A special program to discover the world of the American Indian is planned on Nov. 9 in celebration of Native American Heritage Month. The program is part of EIU Booth Library’s Big Read program.
Illinois Humanities Road Scholar Kim McIver Sigafus will present “A Peek Into the American Indian Way of Life Through Their History and Oral Traditions” at 6:30 p.m. Nov. 9 at the Doudna Fine Arts Center on the EIU campus. Due to COVID-19 restrictions, this program will be available by livestream only. It is free and open to the public. To watch the program live, click here.
This presentation will invite people into the world of the American Indian to discover what it once was to be Native, and what it means to be Native now. An Ojibwa, Sigafus will be dressed in her traditional Native regalia, and will present on Native culture through oral traditions, language, and history. She will discuss Native encampment life and will drum and sing an Ojibwa lullaby.
Kim Sigafus is an internationally published award-winning Ojibwa author and speaker. Her family is from White Earth Reservation in Minnesota. Kim’s Ojibwa name, Bekaadiziikwe, means “Quiet Woman.” In her Native regalia, Kim has presented Native American programs at venues across the Midwest.
This program is presented by Booth Library and the College of Liberal Arts and Sciences, and is funded through a grant from Illinois Humanities.
The Big Read is an initiative of the National Endowment for the Arts that is designed to broaden our understanding of our world, our communities, and ourselves through the joy of sharing a good book. Booth Library received a $14,000 Big Read grant to support a community reading program during the 2020-2021 academic year.
The local NEA Big Read program focuses on the book “An American Sunrise,” by Joy Harjo, the first Native American to hold the position of U.S. Poet Laureate.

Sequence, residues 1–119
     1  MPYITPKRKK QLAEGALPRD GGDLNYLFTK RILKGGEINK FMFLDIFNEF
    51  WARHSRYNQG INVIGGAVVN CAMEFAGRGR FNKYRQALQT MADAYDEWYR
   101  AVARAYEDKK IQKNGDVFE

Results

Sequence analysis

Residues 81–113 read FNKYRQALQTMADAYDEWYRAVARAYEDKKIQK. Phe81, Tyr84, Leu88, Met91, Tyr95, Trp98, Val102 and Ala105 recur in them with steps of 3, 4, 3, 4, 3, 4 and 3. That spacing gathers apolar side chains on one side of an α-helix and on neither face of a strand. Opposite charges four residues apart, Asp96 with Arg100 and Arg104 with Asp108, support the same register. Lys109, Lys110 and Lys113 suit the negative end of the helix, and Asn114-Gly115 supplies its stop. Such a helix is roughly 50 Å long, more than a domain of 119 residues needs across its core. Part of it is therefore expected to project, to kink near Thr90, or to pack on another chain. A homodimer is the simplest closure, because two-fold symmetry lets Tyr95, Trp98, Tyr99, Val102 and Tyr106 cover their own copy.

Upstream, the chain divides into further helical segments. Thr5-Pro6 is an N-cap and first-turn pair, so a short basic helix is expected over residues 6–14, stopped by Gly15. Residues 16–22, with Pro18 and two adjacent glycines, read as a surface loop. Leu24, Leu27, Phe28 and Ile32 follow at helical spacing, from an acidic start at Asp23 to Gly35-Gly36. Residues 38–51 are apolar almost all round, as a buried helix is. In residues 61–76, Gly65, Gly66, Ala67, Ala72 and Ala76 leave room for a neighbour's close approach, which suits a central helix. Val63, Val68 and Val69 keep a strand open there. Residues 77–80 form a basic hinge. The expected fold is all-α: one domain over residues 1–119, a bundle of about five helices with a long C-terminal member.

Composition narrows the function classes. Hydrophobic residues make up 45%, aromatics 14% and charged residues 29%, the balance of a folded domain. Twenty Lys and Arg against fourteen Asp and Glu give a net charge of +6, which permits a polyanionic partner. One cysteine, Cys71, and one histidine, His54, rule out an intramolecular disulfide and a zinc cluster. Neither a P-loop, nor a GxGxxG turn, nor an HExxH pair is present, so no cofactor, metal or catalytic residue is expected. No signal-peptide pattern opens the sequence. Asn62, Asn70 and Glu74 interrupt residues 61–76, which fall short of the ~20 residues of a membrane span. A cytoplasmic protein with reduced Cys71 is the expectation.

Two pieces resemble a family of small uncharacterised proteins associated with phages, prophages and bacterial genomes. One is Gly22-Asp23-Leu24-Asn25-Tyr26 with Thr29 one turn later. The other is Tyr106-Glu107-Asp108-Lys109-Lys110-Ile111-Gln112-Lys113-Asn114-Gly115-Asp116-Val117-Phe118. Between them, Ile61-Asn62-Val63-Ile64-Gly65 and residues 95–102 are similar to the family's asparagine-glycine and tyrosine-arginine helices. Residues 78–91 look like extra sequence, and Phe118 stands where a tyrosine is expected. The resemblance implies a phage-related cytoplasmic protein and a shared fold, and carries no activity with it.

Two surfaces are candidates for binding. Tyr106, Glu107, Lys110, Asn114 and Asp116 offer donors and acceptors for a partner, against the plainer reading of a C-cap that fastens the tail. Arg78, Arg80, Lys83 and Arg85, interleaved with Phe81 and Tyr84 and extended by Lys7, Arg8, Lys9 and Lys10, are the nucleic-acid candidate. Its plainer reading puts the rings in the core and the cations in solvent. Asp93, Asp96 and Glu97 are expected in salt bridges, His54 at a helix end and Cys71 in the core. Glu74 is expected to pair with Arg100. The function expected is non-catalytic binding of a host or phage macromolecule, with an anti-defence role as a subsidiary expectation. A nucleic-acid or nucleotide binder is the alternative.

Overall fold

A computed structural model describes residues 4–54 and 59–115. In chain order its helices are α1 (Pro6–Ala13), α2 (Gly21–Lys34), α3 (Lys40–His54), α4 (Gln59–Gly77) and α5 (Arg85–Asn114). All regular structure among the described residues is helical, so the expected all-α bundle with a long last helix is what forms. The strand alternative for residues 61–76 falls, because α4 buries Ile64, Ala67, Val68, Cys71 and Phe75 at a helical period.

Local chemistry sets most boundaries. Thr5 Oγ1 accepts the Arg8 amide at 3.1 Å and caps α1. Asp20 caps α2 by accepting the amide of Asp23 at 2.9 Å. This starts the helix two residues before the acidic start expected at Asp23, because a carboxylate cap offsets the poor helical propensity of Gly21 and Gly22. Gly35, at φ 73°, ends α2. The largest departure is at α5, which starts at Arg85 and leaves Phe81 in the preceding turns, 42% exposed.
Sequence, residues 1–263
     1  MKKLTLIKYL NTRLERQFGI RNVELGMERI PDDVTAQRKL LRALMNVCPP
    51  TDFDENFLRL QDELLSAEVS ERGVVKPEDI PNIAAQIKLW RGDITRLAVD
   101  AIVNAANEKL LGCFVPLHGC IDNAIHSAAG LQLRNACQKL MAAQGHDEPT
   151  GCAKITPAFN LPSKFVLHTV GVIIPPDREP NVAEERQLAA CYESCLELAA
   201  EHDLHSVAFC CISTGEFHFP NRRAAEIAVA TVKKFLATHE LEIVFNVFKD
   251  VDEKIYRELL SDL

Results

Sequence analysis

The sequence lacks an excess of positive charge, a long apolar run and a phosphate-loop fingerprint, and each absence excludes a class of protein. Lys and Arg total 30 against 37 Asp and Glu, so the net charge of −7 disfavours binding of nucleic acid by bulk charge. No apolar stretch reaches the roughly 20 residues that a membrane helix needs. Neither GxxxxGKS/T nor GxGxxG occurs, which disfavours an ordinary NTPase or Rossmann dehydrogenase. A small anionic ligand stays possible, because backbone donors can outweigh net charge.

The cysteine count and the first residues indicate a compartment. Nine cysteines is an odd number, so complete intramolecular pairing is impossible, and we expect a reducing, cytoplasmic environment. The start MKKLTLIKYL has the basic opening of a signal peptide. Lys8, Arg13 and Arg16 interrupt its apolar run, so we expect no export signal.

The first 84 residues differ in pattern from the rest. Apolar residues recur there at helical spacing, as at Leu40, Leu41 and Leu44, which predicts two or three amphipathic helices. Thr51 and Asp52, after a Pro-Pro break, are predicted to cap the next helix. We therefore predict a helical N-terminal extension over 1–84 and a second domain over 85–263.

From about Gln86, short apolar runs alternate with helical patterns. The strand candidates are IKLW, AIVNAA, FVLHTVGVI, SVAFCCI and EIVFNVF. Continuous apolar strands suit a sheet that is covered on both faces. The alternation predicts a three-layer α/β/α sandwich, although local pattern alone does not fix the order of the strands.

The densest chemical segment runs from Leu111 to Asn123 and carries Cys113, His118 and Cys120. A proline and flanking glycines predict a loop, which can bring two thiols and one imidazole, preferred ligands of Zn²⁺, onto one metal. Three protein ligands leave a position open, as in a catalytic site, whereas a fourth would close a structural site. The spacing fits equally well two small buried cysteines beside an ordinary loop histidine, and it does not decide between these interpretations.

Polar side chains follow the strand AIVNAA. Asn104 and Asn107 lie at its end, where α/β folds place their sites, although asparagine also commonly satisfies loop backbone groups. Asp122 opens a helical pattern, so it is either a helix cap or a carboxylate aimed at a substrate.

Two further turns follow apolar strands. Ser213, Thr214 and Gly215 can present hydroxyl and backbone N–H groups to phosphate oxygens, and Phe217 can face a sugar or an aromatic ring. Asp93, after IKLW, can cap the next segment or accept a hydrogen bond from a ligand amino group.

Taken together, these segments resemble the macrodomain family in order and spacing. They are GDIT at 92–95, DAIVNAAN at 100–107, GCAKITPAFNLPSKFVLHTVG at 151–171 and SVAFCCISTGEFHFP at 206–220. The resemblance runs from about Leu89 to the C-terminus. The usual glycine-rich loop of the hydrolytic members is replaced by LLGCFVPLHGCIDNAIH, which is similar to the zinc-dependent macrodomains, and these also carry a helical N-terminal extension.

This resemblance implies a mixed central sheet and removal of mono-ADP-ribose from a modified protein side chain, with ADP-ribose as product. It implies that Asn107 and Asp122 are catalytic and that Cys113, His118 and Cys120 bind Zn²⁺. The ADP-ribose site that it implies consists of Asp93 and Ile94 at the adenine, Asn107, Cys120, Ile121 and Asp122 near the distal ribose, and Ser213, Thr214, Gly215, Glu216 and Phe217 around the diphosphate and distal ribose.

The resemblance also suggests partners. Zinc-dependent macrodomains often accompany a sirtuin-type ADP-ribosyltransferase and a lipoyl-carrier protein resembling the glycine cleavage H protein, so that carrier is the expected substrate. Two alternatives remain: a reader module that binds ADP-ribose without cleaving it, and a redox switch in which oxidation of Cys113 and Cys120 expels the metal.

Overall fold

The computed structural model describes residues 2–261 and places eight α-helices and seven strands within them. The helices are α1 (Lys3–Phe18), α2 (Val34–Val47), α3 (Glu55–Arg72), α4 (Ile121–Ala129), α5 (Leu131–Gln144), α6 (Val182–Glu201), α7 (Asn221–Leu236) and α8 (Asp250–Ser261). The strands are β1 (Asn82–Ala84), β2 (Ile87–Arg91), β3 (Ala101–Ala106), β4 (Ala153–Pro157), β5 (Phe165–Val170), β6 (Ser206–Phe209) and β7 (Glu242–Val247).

Local programs sponsored by many community organizations will take place through April 2021.
Free paperback copies of “An American Sunrise” are available at Booth Library. The book will be provided to students in EIU English classes, as well as to high schools in the region through the Eastern Illinois Writing Project and Eastern Illinois University Teaching with Primary Sources initiatives.
Additional programs will be added to the schedule and will be updated on The Big Read website at https://library.eiu.edu/bigread. For more information, contact Janice Derr, Big Read project director at Booth Library, at firstname.lastname@example.org or 217-581-7555.
NEA Big Read is a program of the National Endowment for the Arts in partnership with Arts Midwest.
Kim Sigafus is an internationally published award-winning Ojibwa author and speaker. Her family is from White Earth Reservation in Minnesota. Kim’s Ojibwa name, Bekaadiziikwe, means “Quiet Woman.”
In her Native regalia, Kim has presented Native American programs at venues across the Midwest. The genres she writes include romance, children’s picture books and plays, as well as Native American fiction and non-fiction. When she’s not working, she makes dream catchers and Talking Feathers, and drums and sings.
She resides in Freeport, Illinois with husband Andy and their two dogs, Animosh and Miika.
This program was funded by a grant from the Illinois Humanities Road Scholar Speakers Bureau, a program that provides organizations statewide with affordable, entertaining, and thought-provoking humanities events for their communities.
Week of October 25 - October 31
Sunday: 12pm - 12am
Monday: 8am - 12am
Tuesday: 8am - 12am
Wednesday: 8am - 12am
Thursday: 8am - 12am
Friday: 8am - 5pm
Saturday: 9am - 5pm